Installing a Plank Floor
Wide boards demand careful persuasion.
Synopsis: The author, a flooring specialist, discusses the installation of flooring made of planks from 3 in. to 8 in. wide. Planks have a warm, traditional look but they take a little extra effort to install. Here’s how.
It wasn’t until the end of the 19th century that the wind stopped blowing through the cracks in wood-plank floors. Prior to that time nearly every type of house, from log cabin to saltbox, had floors made out of square-edged planks. They were milled from whatever wood was available, and builders used cut nails or dowels to affix planks directly to the joists. The planks were wide, up to 14 in. in some cases, and as they expanded and contracted with seasonal changes, so did the cracks between them. That all changed with the industrial revolution, when kiln-dried planks with T&G edges began to emerge from lumber mills.
Most of the hardwood floors that my company installs are made of slender T&G strips. But some of my customers still prefer the traditional look of the wide floorboards and decorative plugs that characterize a plank floor.
There is a price to pay for this tradition. On the average, the materials to do a plank floor cost about 50% to 75% more than they do for a strip floor of a comparable grade of material. Plank floors are also harder to install than strip floors because the material is less forgiving. But if you like broad expanses of wood grain underfoot, nothing compares with the look of a plank floor.
Those of you who read my article on strip flooring will recognize the similarities in the work that has to occur before installing either a plank floor or a strip floor. The layout, framing, underlayment, and barrier requirements are the same. But coaxing the planks into place and affixing them to the subfloor takes another set of solutions. In this article I’ll talk about plank floors made of unfinished oak, but these techniques can be used for floors made of other species of wood as well.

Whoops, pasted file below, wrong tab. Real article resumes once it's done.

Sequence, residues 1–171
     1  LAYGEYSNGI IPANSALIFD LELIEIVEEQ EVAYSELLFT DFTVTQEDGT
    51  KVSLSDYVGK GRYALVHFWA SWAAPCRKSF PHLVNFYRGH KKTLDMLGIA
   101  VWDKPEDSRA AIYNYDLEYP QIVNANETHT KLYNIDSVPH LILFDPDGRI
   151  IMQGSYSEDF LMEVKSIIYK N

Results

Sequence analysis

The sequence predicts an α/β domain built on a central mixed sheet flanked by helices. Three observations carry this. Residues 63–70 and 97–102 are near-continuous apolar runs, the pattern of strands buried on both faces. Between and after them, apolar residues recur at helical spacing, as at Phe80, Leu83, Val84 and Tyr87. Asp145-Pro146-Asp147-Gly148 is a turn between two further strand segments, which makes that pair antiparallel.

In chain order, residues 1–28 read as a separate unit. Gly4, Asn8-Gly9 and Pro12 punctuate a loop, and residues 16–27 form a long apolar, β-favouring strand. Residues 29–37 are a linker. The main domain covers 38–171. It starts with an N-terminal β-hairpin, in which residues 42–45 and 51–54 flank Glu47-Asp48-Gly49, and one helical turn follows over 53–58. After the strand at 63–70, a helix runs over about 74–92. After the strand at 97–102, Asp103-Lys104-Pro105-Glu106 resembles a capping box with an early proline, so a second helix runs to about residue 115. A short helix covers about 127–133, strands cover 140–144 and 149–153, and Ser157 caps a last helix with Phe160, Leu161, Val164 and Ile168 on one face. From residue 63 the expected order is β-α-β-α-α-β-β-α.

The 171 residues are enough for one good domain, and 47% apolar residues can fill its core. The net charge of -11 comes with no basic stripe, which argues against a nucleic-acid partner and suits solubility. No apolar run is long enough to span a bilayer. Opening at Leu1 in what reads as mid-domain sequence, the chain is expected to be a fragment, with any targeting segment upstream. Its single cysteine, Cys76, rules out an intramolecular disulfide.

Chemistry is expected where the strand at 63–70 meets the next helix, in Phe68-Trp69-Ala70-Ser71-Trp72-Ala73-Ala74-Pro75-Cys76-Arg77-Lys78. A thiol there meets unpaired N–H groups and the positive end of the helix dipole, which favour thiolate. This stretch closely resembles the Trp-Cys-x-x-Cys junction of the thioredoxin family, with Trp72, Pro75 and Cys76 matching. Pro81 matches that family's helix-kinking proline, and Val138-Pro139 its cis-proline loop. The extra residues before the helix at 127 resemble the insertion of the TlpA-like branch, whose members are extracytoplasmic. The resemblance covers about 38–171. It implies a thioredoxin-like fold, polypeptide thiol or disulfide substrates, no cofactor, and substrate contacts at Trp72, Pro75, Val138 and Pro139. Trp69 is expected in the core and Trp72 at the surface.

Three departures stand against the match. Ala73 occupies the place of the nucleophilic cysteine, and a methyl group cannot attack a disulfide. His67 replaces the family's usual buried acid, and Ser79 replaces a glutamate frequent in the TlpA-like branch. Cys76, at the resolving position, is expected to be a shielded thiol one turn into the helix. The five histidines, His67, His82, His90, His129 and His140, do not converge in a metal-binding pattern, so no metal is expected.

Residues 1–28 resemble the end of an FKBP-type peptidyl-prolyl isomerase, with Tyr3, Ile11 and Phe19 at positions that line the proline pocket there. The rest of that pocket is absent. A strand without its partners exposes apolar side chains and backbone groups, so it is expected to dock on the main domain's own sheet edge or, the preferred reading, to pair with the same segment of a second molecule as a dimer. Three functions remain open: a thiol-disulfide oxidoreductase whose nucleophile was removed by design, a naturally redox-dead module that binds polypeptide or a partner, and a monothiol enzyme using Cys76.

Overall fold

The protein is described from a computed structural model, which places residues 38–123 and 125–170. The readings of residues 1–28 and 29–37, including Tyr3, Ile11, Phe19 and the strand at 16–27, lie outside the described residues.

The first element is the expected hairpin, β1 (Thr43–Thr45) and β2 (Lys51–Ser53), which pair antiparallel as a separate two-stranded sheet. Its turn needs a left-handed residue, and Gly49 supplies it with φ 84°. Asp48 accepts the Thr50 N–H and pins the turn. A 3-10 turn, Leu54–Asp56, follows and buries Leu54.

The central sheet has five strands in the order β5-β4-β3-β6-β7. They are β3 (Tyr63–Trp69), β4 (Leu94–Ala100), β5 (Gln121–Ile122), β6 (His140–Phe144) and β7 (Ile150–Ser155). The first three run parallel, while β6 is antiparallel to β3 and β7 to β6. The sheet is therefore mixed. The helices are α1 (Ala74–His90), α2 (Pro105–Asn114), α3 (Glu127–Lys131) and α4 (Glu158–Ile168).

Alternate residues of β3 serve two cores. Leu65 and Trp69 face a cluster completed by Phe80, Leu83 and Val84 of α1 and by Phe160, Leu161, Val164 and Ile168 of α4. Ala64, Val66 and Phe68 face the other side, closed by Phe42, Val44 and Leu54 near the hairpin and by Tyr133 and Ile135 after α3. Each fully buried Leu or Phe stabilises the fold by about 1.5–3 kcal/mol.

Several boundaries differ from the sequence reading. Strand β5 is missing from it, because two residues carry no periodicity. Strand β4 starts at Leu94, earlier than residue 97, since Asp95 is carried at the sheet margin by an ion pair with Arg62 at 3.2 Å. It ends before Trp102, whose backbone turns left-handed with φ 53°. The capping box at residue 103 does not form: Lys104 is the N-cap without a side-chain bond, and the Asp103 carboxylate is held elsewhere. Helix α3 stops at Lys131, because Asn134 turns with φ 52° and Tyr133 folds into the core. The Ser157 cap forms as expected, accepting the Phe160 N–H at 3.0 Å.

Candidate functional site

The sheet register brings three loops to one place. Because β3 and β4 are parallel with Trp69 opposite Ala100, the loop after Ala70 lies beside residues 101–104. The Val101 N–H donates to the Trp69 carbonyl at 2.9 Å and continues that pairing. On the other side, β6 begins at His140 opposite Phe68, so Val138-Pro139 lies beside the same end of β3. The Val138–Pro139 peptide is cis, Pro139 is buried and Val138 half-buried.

Dimensions, grading, and ordering
The typical plank floorboard is tongue-and-grooved along edges and ends. This is called end-matched flooring. The wider the plank, the more likely it is to cup when the humidity goes up. Because of this, I avoid installing planks more than 8 in. wide.
Oak flooring comes in four basic grades. The best is called clear, and it contains flatsawn and quartersawn boards. Most will be hardwood of uniform color. The next grade is called select. It includes clear boards with sound sapwood. Numbers 1 and 2 common are the lowest grades. They are variegated in color, with character marks such as knots and worm holes.
Quartersawn hardwood is especially good for plank floors because the dimensional changes in wood are greatest tangential to the growth rings. Flatsawn hardwood expands and contracts substantially across its width as humidity levels change. This can result in ugly gaps, cupping, or even buckling. Quartersawn planks confine most of their dimensional changes to variations in thickness. The face of quartered planking also resists compression and abrasion. Today, quartersawn flooring is expensive and hard to find in widths over 5 in., but it’s commonly available in lesser widths.
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